• Day Ten (!)

    Yesterday was yesterday, today was a brand new day and I wanted it to be different. The low of yesterday actually gave me confidence as despite the pain and the tears I managed to keep going. I was overwhelmed by the support I had from everyone and it certainly fuelled me to the finish. As I've been advised, to appreciate the highs you really do need to feel the lows.

    But onwards and upwards. I slept better, only waking once because of pain in my foot and in the morning I was pleased that my foot didn't feel any worse. If anything it felt a fraction better. I dosed up on painkillers again and determined to start/finish with a more positive feeling.

    It took a while to find my rhythm when I started running so I started singing to myself (not out loud, that's not fair on anyone!), and stepping in time to the music. I began with 'rolling, rolling, rolling, rawhide'. This is one my Dad often sings, and always in a really low voice, which makes me laugh. And I was supposed to be thinking about placing my foot slightly differently to give the tendons a chance to recover, so this also reminded me to roll my foot from the back instead of landing on my toes the whole time. From this I moved on to the song we sing as Clown Doctors. The Clown Doctor programme is run by Suffolk Artlink (http://www.suffolkartlink.org.uk/clown-round.htm) and is funded by Children in Need. I work with Dr Fillie Fidget and Dr Christobell Misschief with hospitalised children and their families. We use clowning, bubbles, story-telling, improvisation, puppetry, circus skills, magic and balloons to help the children deal with the fear, boredom, loss of control, anger and confusion that can arise when they are in hospital. We also visit some of the East Anglian Children's Hospices (EACH). I am in awe of Dr Misschief and Dr Fidget; they are incredibly strong, kind, intuitive and funny women and I have learnt so much from them since I joined the project. Singing our song today kept them in my mind and allowed me to draw strength from them. Part of the magic of clowning is that you live in the moment; you allow yourself to find wonder and magic in the smallest and most ordinary of things and I have used this technique when running; it helps you to accept that what is happening is transient, it is in the moment now but will soon be replaced by something else. It encourages me to find wonder in the horizon in front of me, the people beside me, the ground beneath me and the sky above me. Thank you doctors!

    Anne came back to run with me today as well, and we picked up on conversations we had the first time we ran together and explored new topics and shared new experiences as the miles flew by. After a while we were joined by Rich, a friend of Greg's (who ran yesterday). Rich has just had a short break from running to recover from The Comrades Marathon he completed in South Africa. This is hardcore! A double marathon, the first 27 miles are uphill and the second section is through a mountain range. You have to finish in 12 hours. If you finish in 12 hours and 1 second they put you in front of a microphone and ask how it feels to be the first loser of that year and you don't qualify as an official finisher (even though you completed the course). Rich shared his highs and lows with me and offered me advice on coping with, and accepting, the lows and appreciating and relishing the highs. We chatted about the drive to run long and punishing distances; the need to keep weight gain at bay; the challenge of completing something that not many others have; the opportunity to travel that running can offer.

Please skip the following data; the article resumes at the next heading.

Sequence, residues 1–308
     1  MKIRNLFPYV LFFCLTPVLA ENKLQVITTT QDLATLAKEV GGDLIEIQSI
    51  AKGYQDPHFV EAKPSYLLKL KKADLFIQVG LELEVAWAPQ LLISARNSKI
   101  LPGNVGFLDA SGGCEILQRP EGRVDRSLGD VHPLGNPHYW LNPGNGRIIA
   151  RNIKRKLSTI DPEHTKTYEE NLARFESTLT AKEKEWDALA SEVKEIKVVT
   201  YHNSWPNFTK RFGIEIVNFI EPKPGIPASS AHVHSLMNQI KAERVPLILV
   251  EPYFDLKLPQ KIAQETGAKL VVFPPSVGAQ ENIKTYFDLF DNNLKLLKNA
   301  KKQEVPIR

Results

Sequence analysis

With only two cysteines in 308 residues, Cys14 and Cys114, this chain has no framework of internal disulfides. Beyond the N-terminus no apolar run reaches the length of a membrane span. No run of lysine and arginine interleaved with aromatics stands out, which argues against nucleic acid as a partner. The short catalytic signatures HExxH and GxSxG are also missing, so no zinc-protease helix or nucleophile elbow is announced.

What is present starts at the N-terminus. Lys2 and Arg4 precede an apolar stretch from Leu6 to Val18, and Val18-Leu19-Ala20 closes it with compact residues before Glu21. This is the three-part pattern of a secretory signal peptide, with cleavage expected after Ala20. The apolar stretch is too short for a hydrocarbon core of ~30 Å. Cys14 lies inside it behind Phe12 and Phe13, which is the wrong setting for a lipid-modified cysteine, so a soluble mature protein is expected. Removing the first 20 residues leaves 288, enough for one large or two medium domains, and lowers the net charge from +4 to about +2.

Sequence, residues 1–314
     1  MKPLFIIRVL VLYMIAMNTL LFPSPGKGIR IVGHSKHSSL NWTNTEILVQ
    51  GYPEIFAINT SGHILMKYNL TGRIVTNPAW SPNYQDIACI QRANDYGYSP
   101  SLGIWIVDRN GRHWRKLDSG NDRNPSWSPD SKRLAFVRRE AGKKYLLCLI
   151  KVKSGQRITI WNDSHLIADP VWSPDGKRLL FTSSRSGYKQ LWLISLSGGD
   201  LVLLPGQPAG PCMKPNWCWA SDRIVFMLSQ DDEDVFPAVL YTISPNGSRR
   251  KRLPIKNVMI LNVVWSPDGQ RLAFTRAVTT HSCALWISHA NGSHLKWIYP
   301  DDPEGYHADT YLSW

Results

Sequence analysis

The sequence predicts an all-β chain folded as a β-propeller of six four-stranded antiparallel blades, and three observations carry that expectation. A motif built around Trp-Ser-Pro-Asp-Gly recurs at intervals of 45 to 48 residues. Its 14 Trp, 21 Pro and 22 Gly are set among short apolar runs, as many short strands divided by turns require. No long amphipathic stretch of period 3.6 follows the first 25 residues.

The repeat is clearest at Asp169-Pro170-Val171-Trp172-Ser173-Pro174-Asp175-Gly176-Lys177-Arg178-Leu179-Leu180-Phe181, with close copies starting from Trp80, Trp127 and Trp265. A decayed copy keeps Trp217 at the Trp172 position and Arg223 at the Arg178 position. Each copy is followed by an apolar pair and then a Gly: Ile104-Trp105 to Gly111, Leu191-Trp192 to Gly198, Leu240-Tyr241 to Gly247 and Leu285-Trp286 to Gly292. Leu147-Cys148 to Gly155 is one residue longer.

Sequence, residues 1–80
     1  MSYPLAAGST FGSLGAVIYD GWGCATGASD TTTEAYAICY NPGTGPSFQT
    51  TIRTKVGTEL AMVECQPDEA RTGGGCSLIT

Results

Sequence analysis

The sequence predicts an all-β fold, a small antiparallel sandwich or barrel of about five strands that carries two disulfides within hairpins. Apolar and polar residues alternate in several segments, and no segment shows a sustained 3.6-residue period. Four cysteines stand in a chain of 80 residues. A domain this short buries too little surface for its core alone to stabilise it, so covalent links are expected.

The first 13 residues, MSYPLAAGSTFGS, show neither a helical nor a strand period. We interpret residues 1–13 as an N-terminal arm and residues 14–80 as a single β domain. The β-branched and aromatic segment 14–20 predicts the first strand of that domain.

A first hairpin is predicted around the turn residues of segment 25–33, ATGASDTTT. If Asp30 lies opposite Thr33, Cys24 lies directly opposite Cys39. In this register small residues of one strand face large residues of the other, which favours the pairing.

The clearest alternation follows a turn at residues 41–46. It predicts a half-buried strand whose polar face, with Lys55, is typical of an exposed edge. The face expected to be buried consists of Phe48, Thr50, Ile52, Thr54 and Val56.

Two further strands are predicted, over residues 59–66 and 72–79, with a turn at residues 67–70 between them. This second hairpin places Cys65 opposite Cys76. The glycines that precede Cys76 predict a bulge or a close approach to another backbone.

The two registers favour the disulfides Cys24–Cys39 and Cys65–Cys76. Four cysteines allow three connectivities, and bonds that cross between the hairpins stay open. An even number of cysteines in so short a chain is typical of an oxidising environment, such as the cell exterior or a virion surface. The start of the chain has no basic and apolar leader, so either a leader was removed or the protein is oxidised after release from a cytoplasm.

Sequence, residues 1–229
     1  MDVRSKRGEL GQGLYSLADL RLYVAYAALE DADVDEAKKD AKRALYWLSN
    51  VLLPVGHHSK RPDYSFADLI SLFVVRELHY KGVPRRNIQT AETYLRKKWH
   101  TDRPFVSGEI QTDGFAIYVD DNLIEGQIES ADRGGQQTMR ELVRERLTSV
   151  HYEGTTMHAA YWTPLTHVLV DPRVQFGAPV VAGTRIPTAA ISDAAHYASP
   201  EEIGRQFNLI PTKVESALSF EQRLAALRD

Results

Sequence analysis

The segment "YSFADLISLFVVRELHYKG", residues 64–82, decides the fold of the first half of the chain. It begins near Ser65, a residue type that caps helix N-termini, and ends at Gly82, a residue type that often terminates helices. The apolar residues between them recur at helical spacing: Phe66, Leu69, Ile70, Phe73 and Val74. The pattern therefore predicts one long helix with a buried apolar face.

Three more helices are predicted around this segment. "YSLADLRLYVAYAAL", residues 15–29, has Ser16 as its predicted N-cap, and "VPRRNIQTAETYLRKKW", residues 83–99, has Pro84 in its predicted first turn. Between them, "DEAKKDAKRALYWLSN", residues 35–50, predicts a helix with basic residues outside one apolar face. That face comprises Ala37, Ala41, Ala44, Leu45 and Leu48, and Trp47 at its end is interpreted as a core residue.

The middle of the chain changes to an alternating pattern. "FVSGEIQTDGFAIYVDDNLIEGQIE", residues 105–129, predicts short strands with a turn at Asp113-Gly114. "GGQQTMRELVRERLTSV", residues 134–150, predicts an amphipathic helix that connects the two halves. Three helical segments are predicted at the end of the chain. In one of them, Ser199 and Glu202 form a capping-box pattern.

And then, the BEST thing happened! I was running along and saw someone that looks like a very dear friend from home. That's funny, I thought, I must text her later and say I've seen her double in Edinburgh! I carried on running and got to the top of the Mile and began to run back down. Then someone jumps out and starts running with me with a big smile on their smile. It took me a minute to realise what had happened! My dear friends from home, Teresa and Tony, and their fabulous boys, Kieran and Jamie had travelled to Edinburgh! Cue for massive hugs all round! I was absolutely delighted! Tony even ran with me for about a mile (he's been training for it this past week). The grin on my face stayed for the rest of the marathon, and I was even more delighted when they were there to celebrate the end of the marathon with me (Tony even ran an extra half mile). They had kept their visit a surprise from me so I had no idea they were coming and it was the best present ever. The feeling from seeing them not only puts a grin on my face but it lightens my heart so my whole body feels like it is smiling. What a lucky person I am :)

    The difference between today and yesterday is staggering. Yesterday is in the past, and today soon will be, so like a good clown, I'm revelling in the moment, channelling the positive into tomorrow. As they say, laughter is the best medicine ;)

    1 Comment

    • 1. Aug 25 2013 6:44PM by Heather

      Vicki, the quality of your friends is a measure of the quality of you. Remember that for the rest of your life, whenever you feel down.

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